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How Is Your Fish Today? (2006)
"Jin tian de yu zen me yang?" (original title)

6.2
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Ratings: 6.2/10 from 106 users  
Reviews: 2 user | 7 critic

A writer's dreamed trip between city and village, reality and fiction, in an chaotic contemporary China.

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Credited cast:
Xiaolu Guo ...
Mimi
Ning Hao ...
Hu Ning
Hui Rao ...
Hui Rao
Zijiang Yang ...
Lin Hao
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A writer's dreamed trip between city and village, reality and fiction, in an chaotic contemporary China.

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19 January 2007 (USA)  »

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How Is Your Fish Today?  »

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£50,000 (estimated)
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Engaging meta-fiction tale about writing and murder in changing China
5 May 2007 | by (Berkeley, California) – See all my reviews

In 'How Is Your Fish Today' a screenwriter called Rao Hoi, the protagonist, who, to make things even more self-referential is the film's author, playing himself, ponders Lin Hao (Zijiang Yang), his protagonist in a screenplay he's trying to write. His producer wants something like a mainstream US thriller -- Harrison Ford in The Fugitive, maybe -- which he certainly isn't going to get. Rao Hoi, a bespectacled smoker -- though he does go to the gym and has a personal trainer, sits in the restaurant downstairs in his apartment building that he calls his "office" and eats his favorite meal, "Chairman Mao's stewed pork," thinking and re-thinking what to do with Lin Hao. All this in quiet, meditative voice-over, as the images (both of Rao and Lin) unfolds in a manner both soothing and stimulating.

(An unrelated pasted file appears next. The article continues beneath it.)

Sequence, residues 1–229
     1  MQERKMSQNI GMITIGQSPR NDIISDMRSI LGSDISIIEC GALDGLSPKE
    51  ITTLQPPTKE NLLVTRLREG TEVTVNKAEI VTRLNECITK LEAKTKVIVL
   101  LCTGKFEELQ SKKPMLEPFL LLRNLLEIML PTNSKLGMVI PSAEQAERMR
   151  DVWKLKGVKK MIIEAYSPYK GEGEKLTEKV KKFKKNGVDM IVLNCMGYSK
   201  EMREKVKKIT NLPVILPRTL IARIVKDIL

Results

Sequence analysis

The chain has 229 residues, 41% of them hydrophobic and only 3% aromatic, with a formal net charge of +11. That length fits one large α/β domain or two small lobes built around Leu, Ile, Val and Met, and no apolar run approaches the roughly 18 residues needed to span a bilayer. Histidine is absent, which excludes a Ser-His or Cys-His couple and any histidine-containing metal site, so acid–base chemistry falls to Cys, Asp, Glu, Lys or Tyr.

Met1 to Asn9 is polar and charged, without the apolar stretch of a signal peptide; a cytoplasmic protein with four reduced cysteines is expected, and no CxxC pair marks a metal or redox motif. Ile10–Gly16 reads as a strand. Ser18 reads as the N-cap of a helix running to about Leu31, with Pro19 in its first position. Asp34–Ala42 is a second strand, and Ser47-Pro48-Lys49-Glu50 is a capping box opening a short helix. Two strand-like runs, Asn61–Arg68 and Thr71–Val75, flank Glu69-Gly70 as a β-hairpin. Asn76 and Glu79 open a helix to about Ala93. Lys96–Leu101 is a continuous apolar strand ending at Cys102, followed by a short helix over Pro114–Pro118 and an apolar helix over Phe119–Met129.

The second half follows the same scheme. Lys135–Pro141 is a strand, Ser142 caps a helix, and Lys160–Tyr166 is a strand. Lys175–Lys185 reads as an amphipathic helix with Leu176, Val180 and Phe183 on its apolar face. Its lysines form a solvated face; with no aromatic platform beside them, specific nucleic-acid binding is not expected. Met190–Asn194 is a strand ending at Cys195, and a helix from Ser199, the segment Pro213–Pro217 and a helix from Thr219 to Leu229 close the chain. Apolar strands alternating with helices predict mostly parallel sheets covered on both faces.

As Rao tells Lin's story or the fragments of it that occur to him, he comments on the requirements of the narrative. When Lin meets a woman at a deserted train station, Rao narrates that Lin is lonely now and needs company, but adds that he needs someone to get his character to Beijing. Lin has killed his girlfriend -- at least that's the idea -- and has gone into hiding by wandering around up north, running into various people including a fat, obnoxious salesman and a policeman (who causes him to flee from the boarding house he's stopped at), and ultimately winding up at the far northern point of Mohe. The woman he meets waiting with him alone by the tracks, who might have any kind of name but whom he calls Mimi, is played by Xialu Guo, the director. This isn't just economy: it's more meta-fiction. And Mimi is as mysterious and wreathed in red scarves and cigarette smoke as any Wong Kar Wai lady, even Maggie Cheung.

Lin's journey to the area known as Mohe from southern China is told in flashback by Rao Hui; but he is going there himself. He wants to use this location because he's always been curious about it.